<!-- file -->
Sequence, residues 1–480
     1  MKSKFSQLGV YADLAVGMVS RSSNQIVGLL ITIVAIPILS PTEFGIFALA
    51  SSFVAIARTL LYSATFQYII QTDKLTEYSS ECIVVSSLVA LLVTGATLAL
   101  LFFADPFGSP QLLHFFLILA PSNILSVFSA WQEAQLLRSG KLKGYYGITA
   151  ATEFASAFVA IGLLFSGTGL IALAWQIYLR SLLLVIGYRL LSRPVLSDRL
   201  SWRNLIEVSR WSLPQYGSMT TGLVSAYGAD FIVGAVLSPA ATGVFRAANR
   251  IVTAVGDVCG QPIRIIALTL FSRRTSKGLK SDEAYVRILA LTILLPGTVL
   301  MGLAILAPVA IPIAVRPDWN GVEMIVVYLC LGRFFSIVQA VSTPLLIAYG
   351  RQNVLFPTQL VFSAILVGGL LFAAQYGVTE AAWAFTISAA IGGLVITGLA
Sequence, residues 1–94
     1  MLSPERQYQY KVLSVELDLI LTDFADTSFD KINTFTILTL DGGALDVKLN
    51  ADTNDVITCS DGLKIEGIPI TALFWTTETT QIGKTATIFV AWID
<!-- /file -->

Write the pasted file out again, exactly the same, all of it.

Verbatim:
Sequence, residues 1–480
     1  MKSKFSQLGV YADLAVGMVS RSSNQIVGLL ITIVAIPILS PTEFGIFALA
    51  SSFVAIARTL LYSATFQYII QTDKLTEYSS ECIVVSSLVA LLVTGATLAL
   101  LFFADPFGSP QLLHFFLILA PSNILSVFSA WQEAQLLRSG KLKGYYGITA
   151  ATEFASAFVA IGLLFSGTGL IALAWQIYLR SLLLVIGYRL LSRPVLSDRL
   201  SWRNLIEVSR WSLPQYGSMT TGLVSAYGAD FIVGAVLSPA ATGVFRAANR
   251  IVTAVGDVCG QPIRIIALTL FSRRTSKGLK SDEAYVRILA LTILLPGTVL
   301  MGLAILAPVA IPIAVRPDWN GVEMIVVYLC LGRFFSIVQA VSTPLLIAYG
   351  RQNVLFPTQL VFSAILVGGL LFAAQYGVTE AAWAFTISAA IGGLVITGLA
Sequence, residues 1–94
     1  MLSPERQYQY KVLSVELDLI LTDFADTSFD KINTFTILTL DGGALDVKLN
    51  ADTNDVITCS DGLKIEGIPI TALFWTTETT QIGKTATIFV AWID